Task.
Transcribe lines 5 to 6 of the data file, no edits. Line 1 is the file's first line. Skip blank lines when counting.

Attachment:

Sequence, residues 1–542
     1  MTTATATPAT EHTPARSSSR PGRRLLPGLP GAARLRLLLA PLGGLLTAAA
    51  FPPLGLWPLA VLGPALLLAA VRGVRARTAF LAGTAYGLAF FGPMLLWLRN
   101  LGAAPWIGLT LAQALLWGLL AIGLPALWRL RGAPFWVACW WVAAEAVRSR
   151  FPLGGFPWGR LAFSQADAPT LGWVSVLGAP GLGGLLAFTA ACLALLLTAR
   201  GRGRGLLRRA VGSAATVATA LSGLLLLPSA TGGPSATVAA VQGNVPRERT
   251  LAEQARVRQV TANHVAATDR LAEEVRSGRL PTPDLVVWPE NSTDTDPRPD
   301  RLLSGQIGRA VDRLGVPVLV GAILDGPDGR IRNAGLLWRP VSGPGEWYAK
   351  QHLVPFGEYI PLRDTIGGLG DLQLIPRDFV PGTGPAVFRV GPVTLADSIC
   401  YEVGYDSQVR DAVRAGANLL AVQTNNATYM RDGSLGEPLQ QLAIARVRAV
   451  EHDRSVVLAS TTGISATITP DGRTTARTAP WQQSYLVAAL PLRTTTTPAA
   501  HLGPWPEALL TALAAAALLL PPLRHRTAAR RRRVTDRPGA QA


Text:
   151  FPLGGFPWGR LAFSQADAPT LGWVSVLGAP GLGGLLAFTA ACLALLLTAR
   201  GRGRGLLRRA VGSAATVATA LSGLLLLPSA TGGPSATVAA VQGNVPRERT